Conspiracy theories, lies, and half-truths have become tried and tested staples in certain political practices in recent times. It’s not only populist Western election propaganda that relies on fabulating: the Russian regime under Putin goes one step further and reinvents the history of whole centuries to establish a background and foundation for the attempt to create military facts. Beyond such nationalistic and geopolitical fabulations and the proclaiming of falsehoods and myths, fantasizing and embellishing, asserting and story-telling are also part of our daily life and popular culture because such strategies, in their poetic and artistic form, provide opportunities to paint reality in a different light – and even to imagine new and different realities. In our thematic cluster on fabulating we primarily concentrate on such practices.
“Science fiction is not predictive; it’s descriptive,” writes Ursula K. Le Guin in the preface to her iconic novel The Left Hand of Darkness. According to Le Guin science fiction is often understood as extrapolative: the present is translated into a prognosis, which is stretched out into the future and dramatized. Writers who follow this logic, Le Guin maintains, usually end up somewhere between “the gradual extinction of human liberty and the total extinction of terrestrial life.” In contrast she describes her own way of writing, and by extension her own science fiction, as a thought experiment. Extrapolation is part of such an experiment, she concedes, but it’s not “the name of the game.” It’s too rationalistic, simplifying, and inspires neither authors nor readers. Le Guin emphasizes that the conception of a story – particularly in the field of (science) fiction – always means working on and with the present: a description of reality in which variables are exchanged, supplemented, or deleted.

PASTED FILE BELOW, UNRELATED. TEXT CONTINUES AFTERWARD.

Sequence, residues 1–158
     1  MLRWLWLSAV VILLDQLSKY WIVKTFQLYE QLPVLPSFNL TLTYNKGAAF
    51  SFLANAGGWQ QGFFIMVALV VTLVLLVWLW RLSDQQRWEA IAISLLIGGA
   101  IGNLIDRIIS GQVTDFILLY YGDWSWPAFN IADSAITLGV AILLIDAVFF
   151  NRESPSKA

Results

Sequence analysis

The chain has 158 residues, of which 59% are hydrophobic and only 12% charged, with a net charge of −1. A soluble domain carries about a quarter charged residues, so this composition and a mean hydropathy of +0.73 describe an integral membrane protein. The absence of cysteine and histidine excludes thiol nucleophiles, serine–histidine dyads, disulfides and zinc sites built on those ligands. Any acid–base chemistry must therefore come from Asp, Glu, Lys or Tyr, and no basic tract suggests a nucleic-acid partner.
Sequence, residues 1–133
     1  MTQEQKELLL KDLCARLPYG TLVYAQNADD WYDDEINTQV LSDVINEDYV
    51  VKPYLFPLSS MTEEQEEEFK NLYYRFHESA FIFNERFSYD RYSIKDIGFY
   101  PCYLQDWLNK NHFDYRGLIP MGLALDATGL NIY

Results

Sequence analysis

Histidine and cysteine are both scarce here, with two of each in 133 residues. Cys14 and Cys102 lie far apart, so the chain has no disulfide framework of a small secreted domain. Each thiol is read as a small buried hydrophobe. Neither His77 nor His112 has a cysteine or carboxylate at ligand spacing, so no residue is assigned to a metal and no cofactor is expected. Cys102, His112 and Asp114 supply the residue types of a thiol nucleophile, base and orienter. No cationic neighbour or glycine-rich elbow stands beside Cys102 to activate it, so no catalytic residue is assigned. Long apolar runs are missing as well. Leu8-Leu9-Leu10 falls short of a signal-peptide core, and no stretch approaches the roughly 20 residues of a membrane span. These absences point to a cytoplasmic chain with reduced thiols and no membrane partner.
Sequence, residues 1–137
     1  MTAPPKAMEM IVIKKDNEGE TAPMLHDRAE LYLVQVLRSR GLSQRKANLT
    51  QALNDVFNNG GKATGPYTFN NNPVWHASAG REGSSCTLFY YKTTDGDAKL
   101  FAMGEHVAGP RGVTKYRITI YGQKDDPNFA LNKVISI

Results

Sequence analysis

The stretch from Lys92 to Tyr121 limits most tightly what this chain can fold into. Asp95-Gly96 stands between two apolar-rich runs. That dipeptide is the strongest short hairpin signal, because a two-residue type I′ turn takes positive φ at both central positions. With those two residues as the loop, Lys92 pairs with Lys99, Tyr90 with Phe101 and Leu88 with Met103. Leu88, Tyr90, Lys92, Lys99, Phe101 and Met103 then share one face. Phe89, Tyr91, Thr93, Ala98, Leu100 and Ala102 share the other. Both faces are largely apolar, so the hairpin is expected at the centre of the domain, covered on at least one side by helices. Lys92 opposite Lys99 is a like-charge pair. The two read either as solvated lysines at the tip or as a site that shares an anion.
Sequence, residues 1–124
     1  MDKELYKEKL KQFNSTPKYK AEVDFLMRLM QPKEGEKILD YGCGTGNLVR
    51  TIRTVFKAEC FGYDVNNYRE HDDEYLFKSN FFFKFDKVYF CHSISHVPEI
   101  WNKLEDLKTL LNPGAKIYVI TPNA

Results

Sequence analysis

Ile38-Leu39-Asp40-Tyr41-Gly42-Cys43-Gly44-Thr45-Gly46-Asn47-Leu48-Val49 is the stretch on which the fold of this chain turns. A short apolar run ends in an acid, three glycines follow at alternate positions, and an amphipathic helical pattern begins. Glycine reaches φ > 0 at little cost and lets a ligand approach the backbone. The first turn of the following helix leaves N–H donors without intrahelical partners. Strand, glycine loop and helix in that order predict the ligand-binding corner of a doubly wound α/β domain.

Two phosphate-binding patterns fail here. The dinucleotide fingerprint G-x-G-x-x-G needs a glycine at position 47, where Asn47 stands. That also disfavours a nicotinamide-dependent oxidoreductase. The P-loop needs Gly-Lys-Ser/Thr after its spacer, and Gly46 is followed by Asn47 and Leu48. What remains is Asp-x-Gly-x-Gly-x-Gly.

Which leads us to the question, how much of the present survives in imagination? How do speculations inflect realpolitik? How do half-truths and autofictions shape and impact the rules of social life? Can fabulations also lead to exclusion? Which productive forces foster rumors and gossip – and which gender stereotypes are assigned to this type of fabulation? As the scholar and philosopher Silvia Federici writes about women and the negative connotations of gossip: “It is women who ‘gossip,’ presumably having nothing better to do and having less access to real knowledge and information and a structural inability to construct factually based, rational discourses. Thus, gossip is an integral part of the devaluation of women’s personality and work.”
Such thoughts on the ambivalence and potential of fabulation are the starting point for our new thematic cluster. The coming contributions to V/A will concentrate on different forms of the counterfactual, half-truths and speculations, and (alleged) inventions. After last week’s compilation by Spalarnia, we are looking forward to an interview by Philipp Hindahl with writer, art historian, and founder of Texte zur Kunst Isabelle Graw on her recently published, autofictional diary Vom Nutzen der Freundschaft (On the Benefits of Friendship [own translation, Ed. note]) in the following week.